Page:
If I take recent examples, the amount of closed-end products that have been belted out in the Indian market is substantial. Anybody and everybody, who wanted to invest in equity mutual funds was offered a closed-end product as if that was the only way to do it. When everything is nice and rosy, no customer will bother. But two years from now, if the closed-end funds show negative returns, some of them will demand an explanation as to why I can’t exit and why did you put me in here? Was the product suitable for all these clients? Do you have proof to evidence suitability? This is just a possibility, but nevertheless possible.

Not too far away are those who are providing equity portfolio recommendations including equity strategies to clients. Neither do they have registrations as an investment adviser nor do they have registration under the Sebi (Research Analysts) Regulations, 2014. In the absence of the above registrations, I don’t quite understand how such advice can be provided. Already, multiple orders have come into light from the Sebi website which has told such entities to cease and desist from providing such advice.

The rules of the game have substantially changed for mutual fund distributors, research analysts and in general for all financial intermediaries. However, despite this change, we have failed to see a natural “compliant" alignment in the intermediation space. Many intermediaries in the capital market now are shying away from even continuing as a sub-broker and rather signing up as authorized persons. This is an indication that the stringent compliance in the equity market is forcing market participants to get down to the minute details and ask themselves: are we prepared to take on these compliance tasks? The mutual fund intermediation is also pretty much moving in that direction. The inclusion of mutual fund mis-selling under PFUTP is a huge one for the ARN holders to make note of. ARN holders are yet to understand the effect it can have if post a secular bull run, clients change colours during the downturn and question their advice/claim mis-selling not blaming the market, but blaming the intermediary for not doing the suitability study before selling. This is good enough to keep the ARN holder busy for a few months, if not more. And all of this tells me, as we enter 2015, financial intermediation in India is at its point of highest compliance risk.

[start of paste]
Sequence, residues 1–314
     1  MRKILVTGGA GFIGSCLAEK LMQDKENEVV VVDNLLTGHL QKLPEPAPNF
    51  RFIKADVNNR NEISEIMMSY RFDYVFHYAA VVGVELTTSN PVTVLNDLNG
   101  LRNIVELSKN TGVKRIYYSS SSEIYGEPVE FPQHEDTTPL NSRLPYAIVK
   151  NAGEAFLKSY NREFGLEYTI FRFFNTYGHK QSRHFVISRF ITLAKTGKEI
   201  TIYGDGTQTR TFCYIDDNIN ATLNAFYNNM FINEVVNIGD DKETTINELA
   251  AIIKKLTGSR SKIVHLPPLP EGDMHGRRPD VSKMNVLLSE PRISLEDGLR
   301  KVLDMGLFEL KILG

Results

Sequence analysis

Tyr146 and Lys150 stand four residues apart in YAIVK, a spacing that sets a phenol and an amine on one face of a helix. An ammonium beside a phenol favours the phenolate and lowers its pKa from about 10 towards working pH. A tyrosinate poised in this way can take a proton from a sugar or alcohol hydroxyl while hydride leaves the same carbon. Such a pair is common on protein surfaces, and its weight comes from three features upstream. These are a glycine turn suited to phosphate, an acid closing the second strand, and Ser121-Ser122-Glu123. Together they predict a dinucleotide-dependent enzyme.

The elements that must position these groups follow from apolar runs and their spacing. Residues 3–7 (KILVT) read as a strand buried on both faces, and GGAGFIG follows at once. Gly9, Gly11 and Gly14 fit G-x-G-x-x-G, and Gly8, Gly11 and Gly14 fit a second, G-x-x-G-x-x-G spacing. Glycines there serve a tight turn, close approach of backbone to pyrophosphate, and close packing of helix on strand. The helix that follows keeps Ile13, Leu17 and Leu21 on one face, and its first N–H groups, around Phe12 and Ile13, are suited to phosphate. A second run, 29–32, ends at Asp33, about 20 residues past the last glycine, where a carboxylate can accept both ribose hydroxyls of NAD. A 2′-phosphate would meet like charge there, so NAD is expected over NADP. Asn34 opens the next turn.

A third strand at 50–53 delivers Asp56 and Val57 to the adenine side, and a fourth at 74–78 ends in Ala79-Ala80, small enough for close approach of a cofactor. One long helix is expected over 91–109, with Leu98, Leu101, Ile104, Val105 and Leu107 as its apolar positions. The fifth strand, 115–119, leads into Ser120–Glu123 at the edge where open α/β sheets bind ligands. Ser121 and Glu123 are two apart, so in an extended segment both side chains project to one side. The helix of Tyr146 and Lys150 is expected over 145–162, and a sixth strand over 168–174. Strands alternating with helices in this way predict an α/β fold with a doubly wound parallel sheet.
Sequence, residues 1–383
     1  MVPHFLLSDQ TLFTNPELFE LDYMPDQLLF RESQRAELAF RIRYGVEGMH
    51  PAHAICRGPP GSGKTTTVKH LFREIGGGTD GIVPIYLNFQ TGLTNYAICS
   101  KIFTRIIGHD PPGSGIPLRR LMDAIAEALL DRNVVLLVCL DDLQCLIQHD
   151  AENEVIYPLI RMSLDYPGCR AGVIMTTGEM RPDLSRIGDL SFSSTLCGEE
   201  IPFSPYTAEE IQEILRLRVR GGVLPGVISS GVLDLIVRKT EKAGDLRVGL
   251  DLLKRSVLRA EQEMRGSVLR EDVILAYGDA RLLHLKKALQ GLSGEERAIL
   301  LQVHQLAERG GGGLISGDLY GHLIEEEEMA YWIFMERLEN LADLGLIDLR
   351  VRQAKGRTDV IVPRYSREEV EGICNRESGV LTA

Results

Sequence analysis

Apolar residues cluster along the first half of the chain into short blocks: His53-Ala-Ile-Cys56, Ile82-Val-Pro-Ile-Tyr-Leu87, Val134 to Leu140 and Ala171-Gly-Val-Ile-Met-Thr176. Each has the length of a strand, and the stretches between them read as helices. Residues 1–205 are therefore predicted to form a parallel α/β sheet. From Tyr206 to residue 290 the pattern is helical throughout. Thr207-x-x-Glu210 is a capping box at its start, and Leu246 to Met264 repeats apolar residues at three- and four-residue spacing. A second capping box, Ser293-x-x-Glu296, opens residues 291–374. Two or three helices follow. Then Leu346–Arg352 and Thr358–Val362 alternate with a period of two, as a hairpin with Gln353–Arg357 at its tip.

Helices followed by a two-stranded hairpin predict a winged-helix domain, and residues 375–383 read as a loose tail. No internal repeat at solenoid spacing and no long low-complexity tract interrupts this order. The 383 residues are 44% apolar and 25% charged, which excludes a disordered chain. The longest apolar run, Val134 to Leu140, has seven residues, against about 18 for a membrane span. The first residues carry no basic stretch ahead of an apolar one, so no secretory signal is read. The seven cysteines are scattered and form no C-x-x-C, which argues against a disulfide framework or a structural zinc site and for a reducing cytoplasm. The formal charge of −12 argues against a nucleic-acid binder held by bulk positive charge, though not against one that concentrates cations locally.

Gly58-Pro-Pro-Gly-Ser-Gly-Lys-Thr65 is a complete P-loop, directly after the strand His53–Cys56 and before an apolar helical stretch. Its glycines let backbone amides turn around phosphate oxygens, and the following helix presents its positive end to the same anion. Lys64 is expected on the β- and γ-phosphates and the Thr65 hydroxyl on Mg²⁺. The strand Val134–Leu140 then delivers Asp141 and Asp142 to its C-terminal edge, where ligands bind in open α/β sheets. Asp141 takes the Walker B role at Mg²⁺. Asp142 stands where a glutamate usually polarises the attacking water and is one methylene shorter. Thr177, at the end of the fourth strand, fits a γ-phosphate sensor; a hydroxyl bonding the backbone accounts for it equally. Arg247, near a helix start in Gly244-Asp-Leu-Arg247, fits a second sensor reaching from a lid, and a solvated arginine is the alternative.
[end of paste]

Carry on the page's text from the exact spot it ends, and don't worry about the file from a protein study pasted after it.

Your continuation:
Rajesh Krishnamoorthy is managing director, iFast Financial India Pvt. Ltd, the firm that runs Fundsupermart.com.